Does your child snore regularly, or experience difficulty breathing while sleeping? This could be a very serious condition. A child’s body detects a subtle form of suffocation when breathing is disrupted during sleep. It responds by speeding up the heart rate, spiking blood pressure and rousing the child from sleep.
This condition, called pediatric sleep-disordered breathing, requires medical attention. An ENT (ear, nose and throat) doctor can determine through an examination the cause of the snoring—whether it is an allergy, nasal obstruction or obstructive sleep apnea.
Dr. Mark Ghegan of Charleston ENT & Allergy says children present a variety of symptoms if they have pediatric sleep-disordered breathing. “Any child suffering from chronic sleep loss is bound to exhibit some type of adverse behavior,” he says.
These are some symptoms:
Snorting, snoring, choking and waking are all signs that your child’s sleeping is being disrupted by snoring. If you determine that your child is regularly exhibiting these behaviors during sleep, bring him or her to an ENT.
2. A Short Fuse
Children who wake up unrefreshed by deep sleep may be irritable. This is an understandable byproduct of fatigue.
Sleep-disordered breathing can lead to obstructive sleep apnea, a condition that robs the child of deep R.E.M. sleep necessary for optimal functioning during the day. Children, and adults alike, with sleep apnea are prone to dozing off during the day.
4. Academic Regression
Children with sleep-disordered breathing have trouble focusing at home and in class. They may fall behind in school and exhibit difficulty learning. They may be misdiagnosed as learning disabled when all they are is tired.
The body’s response to disrupted breathing is to stimulate the fight-or-flight instinct, which creates an imbalance in the body’s hormones and an excess in the production of urea. That can lead to bedwetting.
The fight-or-flight response interferes with the production of insulin, reducing the desire for physical activity in children who already spend more time in front of screens than engaged in physical activity. This is a recipe for obesity.
6. Heart Trouble
Ongoing issues with curtailed sleep put your child’s body in constant stress. Eventually this can lead to high blood pressure, heart disease and other serious medical problems.
Children with high risk factors associated with sleep apnea, like obesity, airway obstruction or neurological disorders may find relief from weight loss and CPAP machines without the need for surgery.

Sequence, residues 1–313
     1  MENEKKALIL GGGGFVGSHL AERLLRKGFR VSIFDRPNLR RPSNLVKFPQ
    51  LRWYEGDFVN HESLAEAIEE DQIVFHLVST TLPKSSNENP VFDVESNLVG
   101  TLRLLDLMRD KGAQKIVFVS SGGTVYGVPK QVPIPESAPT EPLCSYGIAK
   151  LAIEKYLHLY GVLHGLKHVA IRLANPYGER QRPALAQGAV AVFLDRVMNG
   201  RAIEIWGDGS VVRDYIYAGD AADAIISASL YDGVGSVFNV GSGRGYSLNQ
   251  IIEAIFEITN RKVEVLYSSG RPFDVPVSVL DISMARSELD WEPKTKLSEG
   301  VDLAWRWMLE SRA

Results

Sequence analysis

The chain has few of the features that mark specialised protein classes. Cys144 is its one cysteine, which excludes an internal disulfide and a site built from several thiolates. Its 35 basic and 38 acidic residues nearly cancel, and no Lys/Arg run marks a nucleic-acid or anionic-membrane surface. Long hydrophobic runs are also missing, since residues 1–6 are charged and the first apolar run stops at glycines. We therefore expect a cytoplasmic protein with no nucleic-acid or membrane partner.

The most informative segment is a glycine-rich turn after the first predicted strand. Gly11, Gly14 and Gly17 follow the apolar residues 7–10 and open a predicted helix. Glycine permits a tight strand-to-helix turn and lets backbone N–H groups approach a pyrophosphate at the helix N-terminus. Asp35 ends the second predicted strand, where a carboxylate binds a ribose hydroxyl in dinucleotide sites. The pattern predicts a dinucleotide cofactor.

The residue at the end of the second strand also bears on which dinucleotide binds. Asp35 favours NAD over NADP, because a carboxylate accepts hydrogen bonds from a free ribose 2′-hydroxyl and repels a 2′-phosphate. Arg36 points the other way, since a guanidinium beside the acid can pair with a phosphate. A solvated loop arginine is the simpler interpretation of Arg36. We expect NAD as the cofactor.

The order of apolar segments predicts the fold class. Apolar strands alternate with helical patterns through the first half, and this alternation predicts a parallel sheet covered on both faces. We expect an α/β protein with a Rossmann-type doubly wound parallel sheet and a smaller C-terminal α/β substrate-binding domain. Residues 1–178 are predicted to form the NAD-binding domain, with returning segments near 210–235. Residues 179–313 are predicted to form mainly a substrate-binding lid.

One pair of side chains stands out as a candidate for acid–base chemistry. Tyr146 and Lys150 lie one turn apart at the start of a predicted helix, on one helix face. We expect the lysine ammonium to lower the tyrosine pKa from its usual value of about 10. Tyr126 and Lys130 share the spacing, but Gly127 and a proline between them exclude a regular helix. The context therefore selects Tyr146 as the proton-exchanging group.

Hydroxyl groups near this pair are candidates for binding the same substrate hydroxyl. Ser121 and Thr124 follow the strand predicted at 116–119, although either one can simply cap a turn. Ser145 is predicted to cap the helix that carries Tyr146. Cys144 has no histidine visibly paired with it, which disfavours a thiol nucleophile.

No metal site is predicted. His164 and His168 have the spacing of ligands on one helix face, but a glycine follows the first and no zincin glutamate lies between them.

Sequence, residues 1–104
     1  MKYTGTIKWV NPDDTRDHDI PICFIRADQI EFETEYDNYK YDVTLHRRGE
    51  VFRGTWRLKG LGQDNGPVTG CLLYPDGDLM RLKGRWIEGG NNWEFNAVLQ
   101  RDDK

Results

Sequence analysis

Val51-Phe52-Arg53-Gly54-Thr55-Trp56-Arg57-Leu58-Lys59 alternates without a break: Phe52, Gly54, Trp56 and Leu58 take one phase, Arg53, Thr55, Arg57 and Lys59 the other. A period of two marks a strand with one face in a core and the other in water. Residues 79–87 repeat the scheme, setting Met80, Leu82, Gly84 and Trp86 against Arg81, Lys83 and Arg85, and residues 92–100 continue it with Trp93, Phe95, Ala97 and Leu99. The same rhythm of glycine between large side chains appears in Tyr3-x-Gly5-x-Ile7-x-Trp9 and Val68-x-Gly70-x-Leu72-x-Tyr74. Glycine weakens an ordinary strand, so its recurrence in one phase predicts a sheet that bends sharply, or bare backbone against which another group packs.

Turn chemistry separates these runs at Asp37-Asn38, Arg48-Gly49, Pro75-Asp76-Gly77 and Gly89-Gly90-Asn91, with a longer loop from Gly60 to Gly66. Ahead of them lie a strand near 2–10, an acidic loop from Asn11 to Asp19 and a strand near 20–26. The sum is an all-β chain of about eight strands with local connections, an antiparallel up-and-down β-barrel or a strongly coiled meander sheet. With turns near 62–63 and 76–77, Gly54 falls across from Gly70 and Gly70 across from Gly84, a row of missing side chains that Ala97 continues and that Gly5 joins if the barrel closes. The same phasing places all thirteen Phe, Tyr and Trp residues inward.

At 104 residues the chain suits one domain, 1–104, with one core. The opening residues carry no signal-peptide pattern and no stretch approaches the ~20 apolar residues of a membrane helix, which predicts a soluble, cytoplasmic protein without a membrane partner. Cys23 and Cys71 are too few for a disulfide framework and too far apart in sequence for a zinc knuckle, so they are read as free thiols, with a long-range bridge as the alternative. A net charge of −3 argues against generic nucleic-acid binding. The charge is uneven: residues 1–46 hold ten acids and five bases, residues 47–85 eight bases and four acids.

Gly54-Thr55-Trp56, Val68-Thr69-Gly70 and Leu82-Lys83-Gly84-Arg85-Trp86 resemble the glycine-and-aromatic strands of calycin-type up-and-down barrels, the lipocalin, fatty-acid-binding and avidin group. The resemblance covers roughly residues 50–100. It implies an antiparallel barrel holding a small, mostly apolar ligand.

For others, the ENT may recommend removal of the tonsils and adenoids. Most of the half-million tonsils and adenoids surgery procedures each year address sleep-disordered breathing. “I get feedback from parents all the time who are just amazed at the difference they see in their children,” says Dr. Ghegan.
It is also worth noting that parents with sleep-disordered breathing will exhibit many of the same symptoms. Failing to address your problems can have a negative effect on your children, particularly if you are experiencing fatigue, have difficulty concentrating and find yourself irritable often. Parents, like children, should see their ENT to determine the cause and a course of treatment.
Don’t let your child suffer from the fallout of sleep-disordered breathing anymore, particularly when the treatment may be simple and the consequences dire. Contact Charleston ENT & Allergy today at (843) 776-7103 to make an appointment or visit CharlestonENT.com for more information.
About Dr. Ghegan
- University of Virginia: BS in Biology
- Medical College of Georgia: MD (First in class)
- Medical University of South Carolina: Internship and Residency
- Board Certified
- Member of the South Carolina Medical Association
- Member of the Medical Society of South Carolina and the Charleston County Medical Society
- Member of the American Academy of Otolaryngology (AAOA)
- Member of the Alpha Omega Alpha Medical Honor Society (awarded to top 10% of medical school class)
Awards and Honors
- Selected as "One of The Best Doctors in America"
- Otolaryngology Advisory Board
- Golf, fishing, snow skiing, water skiing, and spending time with family